Trail riding techniques
01686 430522
marianne@trailrides-wales.com
Riding position

Most of the time, you will get less tired and make better choices if you are standing up. Stand with feet level or heel slightly down, middle of the peg, legs straight but not locked, angled slightly back so that you lean forward at the hips. Keep legs and knees close in, as that helps stabilise the bike. If you find yourself pulling on the bars, make sure you are not crouching or bending your knees, as that has the effect of throwing your upper body back which upsets your balance. Look well ahead, and do not follow another rider too closely, as he will block your view of what is coming up.

Hills up

Attack with momentum and confidence in a gear which you think will get you to the top (usually third or second). Cover the clutch with one or two fingers and if the revs are dropping but you are nearly there, slip the clutch. Avoid changing gear on the hill.

Hills down

Look well ahead. If the hill is very steep and the surface is loose or slippery, you may not be able to brake much. Start it from a standstill or walking pace. Use two fingers on the front brake and a light touch on the rear. Never pull the clutch in going downhill – you will go faster, and you have less (no) control!

Ruts

Ruts do not look difficult, but are the feature which most people find the most difficult. Because you are constrained, the temptation is to look just in front, but this is what causes downfalls! Look ahead, keep the power gently on with lowish revs/higher gear, and ride smoothly without sudden accelaration or slowing down. If you have to brake, be as gentle as possible. Narrow ruts in the centre of a track caused by thin motorcycle tyres are often impossible to ride standing up, whereas landrover or tractor ruts can become easy to ride if they are wide. If the rut is deep, make sure you feet are not vulnerable to being pushed off the peg – it hurts! Do not try to get out of a rut – you never can unless you are some sort of trials or enduro God!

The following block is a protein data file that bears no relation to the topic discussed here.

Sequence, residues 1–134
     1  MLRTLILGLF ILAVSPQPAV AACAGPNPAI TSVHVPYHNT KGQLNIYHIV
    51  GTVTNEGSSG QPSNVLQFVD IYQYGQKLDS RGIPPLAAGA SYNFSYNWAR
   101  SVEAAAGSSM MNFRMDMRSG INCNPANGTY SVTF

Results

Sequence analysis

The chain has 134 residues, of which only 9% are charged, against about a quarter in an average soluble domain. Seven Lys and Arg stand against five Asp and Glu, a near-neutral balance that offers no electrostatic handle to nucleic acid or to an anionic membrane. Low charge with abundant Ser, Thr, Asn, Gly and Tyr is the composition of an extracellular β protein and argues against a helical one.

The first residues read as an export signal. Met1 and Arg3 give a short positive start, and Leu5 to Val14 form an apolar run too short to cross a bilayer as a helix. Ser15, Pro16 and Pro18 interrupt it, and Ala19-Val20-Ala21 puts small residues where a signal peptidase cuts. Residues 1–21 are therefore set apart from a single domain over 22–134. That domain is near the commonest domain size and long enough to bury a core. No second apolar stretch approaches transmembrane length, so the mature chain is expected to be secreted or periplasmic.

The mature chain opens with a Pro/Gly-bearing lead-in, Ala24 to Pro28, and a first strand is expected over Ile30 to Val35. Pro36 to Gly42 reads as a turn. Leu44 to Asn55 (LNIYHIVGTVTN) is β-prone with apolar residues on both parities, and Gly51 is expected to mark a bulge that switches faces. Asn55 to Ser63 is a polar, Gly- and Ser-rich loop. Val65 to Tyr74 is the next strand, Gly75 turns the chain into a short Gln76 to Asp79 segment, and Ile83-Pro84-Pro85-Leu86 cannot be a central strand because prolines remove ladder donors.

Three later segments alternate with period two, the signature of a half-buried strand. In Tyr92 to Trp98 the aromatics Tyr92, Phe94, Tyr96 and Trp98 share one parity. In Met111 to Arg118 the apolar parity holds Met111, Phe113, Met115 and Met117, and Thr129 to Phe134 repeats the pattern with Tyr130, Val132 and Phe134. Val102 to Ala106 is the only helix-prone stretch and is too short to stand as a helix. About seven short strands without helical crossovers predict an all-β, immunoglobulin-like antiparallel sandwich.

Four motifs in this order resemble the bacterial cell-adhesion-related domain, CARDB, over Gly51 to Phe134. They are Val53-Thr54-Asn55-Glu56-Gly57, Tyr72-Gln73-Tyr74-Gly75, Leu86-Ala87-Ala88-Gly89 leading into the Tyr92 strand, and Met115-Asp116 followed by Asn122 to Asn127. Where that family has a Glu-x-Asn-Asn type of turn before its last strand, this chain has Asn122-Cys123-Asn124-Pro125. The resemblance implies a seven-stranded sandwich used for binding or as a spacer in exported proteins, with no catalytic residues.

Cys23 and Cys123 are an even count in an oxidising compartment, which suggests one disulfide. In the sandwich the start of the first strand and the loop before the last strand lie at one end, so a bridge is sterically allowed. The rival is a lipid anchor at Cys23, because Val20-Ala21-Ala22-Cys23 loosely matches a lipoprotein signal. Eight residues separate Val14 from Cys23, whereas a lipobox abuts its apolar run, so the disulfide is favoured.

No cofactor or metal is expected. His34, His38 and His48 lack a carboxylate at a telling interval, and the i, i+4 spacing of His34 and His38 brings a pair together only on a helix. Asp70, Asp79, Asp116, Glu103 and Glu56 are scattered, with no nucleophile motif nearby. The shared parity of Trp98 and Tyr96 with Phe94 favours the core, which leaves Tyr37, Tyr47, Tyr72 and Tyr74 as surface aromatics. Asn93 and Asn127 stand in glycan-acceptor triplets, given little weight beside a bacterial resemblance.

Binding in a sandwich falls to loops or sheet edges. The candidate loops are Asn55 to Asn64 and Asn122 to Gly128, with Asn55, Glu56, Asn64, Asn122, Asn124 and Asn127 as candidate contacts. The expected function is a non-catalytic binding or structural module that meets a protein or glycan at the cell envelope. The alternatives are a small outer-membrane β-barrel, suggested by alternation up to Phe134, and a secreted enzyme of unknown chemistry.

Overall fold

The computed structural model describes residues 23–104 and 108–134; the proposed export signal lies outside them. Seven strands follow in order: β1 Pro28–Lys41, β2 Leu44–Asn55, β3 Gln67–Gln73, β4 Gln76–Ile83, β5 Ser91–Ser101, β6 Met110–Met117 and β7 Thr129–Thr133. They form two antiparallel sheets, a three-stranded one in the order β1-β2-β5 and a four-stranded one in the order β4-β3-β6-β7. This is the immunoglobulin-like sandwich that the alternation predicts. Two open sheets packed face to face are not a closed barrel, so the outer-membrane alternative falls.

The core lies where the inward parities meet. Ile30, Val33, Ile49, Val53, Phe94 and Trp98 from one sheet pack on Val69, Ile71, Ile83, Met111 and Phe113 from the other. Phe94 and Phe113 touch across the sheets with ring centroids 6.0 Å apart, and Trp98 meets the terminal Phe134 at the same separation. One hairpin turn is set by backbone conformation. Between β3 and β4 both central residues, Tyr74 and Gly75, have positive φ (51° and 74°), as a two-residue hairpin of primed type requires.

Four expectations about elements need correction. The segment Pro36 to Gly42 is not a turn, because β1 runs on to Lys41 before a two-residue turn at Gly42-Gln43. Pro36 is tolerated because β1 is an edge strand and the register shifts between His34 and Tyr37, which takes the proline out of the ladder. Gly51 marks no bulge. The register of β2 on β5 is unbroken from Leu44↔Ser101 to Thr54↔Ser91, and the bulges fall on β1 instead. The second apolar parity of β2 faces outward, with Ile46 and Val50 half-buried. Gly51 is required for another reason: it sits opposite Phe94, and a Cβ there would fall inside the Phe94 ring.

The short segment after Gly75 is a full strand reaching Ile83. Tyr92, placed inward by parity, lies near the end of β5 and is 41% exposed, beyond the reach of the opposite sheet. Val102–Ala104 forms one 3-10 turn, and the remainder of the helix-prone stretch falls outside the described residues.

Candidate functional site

Picking the bike up

If it is possible, pull the handlebar which is lowest to the ground, as far forward as you can. The front wheel will be pointing upwards. Then pick up from the lowest handlebar. This gives more leverage, and makes it easier. Do not grab the mudguards or any plastic parts, as it is likely you will break them.

Water

We suggest sitting down through puddles or streams if they are deep enough for water to go into the air filter if you fall off, i.e. about 3 inches. If you are unlucky and the bike is going over, hit the kill switch if you can! Please do not try to start the bike until the leader has checked that there is no water in the combustion chamber. He will help you pick the bike up and push it out of the water. If you press the starter when there is water in the engine, it doesn’t compress and the con-rod will bend and break, and may go through the casing into the gearbox. If so, it costs about £1000 for the rebuild.

Doing the gates

If the ground is uneven or down hill, it is best to stop the engine leaving the bike in gear, as it is less likely to roll off the stand and fall over. You can use the kill switch to stop the engine.


© Colin and Marianne Walford